Jersey politicians have approved the principle of legalised assisted dying which would allow some terminally ill patients to end their lives.

The vote by Jersey politicians found 36 in favour, 10 against and three absent. This vote represents a historic movement which could eventually see assisted dying legalised in the island by 2023.

BBC says the debate was called after 78% of the citizens’ jury, made up of islanders who were asked to apply, ruled it was in favour of changing the law.

The process involves prescribing legal drugs using medical supervision to induce voluntary euthanasia. The patient can choose to end their life in instances where they have been diagnosed with a terminal illness or has an incurable physical condition, both causing extreme chronic suffering that cannot be alleviated.

A registered medical professional should be able to assist, but they are not under a legal duty to do so. An article from The Conversation discusses the mental strain on Healthcare professionals, who often have to overcome their unease at being involved with an assisted death while trying to honour the patient’s wishes.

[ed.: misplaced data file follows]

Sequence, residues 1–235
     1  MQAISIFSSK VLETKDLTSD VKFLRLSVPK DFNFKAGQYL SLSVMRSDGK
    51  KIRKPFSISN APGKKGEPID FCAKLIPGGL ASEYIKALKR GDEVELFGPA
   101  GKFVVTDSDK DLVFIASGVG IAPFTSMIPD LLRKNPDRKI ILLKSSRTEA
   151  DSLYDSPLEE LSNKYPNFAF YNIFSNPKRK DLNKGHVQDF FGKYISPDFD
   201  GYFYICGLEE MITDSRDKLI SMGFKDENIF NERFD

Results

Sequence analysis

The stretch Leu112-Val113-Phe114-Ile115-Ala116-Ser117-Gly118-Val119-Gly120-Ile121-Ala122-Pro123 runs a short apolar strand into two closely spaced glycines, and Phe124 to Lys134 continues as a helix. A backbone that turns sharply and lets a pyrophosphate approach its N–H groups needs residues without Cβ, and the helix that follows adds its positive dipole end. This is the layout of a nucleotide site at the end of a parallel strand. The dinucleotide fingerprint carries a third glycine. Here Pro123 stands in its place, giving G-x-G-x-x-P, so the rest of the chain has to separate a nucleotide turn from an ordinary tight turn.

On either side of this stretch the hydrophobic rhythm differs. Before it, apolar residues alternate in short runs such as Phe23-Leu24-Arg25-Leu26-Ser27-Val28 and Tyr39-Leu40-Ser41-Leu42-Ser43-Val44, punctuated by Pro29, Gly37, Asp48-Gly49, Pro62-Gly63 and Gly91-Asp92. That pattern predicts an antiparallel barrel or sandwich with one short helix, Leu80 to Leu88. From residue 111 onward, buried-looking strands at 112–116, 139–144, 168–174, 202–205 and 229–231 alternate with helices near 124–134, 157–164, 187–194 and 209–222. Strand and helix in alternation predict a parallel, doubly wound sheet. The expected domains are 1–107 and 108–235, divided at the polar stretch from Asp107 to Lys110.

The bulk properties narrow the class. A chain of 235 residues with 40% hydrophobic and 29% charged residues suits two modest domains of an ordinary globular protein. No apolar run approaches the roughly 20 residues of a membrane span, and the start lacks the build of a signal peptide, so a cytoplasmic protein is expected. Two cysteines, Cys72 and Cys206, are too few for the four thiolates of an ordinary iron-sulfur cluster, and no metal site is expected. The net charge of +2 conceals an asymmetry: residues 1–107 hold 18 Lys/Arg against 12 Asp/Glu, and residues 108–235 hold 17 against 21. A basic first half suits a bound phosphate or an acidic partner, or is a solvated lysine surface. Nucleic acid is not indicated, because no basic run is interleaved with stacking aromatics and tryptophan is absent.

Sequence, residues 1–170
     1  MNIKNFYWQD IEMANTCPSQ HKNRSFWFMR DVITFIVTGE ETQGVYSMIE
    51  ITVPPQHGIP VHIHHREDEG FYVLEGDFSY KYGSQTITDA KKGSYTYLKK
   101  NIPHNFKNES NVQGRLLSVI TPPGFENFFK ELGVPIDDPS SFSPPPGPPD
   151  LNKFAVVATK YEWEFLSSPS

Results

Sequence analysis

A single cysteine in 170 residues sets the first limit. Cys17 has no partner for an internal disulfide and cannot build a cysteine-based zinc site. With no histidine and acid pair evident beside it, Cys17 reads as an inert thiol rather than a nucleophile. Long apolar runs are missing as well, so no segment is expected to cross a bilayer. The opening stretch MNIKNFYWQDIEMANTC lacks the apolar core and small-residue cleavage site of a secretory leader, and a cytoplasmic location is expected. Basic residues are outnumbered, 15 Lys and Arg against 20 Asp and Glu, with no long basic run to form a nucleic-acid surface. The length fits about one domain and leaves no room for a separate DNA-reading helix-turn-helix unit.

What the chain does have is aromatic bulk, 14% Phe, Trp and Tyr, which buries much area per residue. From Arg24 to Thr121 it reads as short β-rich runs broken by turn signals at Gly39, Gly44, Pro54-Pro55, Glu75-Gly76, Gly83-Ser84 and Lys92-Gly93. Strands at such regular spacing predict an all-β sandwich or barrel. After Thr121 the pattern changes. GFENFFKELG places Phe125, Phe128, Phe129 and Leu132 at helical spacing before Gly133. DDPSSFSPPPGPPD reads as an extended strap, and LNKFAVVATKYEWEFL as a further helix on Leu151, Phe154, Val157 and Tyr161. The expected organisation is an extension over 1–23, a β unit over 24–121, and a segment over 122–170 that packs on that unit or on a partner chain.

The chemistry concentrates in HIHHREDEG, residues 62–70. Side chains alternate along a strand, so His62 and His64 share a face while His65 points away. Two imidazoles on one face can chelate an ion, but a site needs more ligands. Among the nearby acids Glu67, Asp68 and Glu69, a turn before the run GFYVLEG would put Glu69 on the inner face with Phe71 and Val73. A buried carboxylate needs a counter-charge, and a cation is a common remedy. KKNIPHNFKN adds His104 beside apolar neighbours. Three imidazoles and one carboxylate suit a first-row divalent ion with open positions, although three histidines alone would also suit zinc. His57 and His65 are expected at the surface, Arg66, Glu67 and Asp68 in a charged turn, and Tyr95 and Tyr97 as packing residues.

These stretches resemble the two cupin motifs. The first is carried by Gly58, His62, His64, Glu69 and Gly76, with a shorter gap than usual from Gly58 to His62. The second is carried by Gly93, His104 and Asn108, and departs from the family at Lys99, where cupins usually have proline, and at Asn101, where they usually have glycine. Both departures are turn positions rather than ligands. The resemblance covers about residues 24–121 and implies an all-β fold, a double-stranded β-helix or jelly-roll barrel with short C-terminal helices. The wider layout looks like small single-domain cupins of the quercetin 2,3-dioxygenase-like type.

The principles agreed by Jersey politicians’ state the scheme is only open to island residents aged 18 and over who have the capacity to make the decision. The individual must have a voluntary, clear informed wish to end their own life due to unbearable suffering.

A set of safeguarding rules have been drawn up, including a pre-approval process, period of reflection and pre-approved locations. The Minister for Health and Social Services, Deputy Richard Renouf spoke against the proposals and said “Safeguards can be built up and to the best of our ability, but none of them can be truly effective”.

During the debate States Deputy Louise Doublet said “We must recognize the elderly and vulnerable have inherent value as human beings and ensure they have a place in our society. We can do that and look after the rights of those who are suffering unbearably“.

There will be further debates next year on the issues including two further separate votes to be held following discussions. Those opposed to assisted dying are certain to continue campaigning, while for those who have long called for the law to be changed, this will be seen as a major step forward.

It seems Jersey is setting the president as politician’s on the Isle of Man are also considering exploring assisted dying laws. Dr Alex Allinson, who previously raised the subject prior to the coronavirus pandemic, said terminally ill people should be given “autonomy”.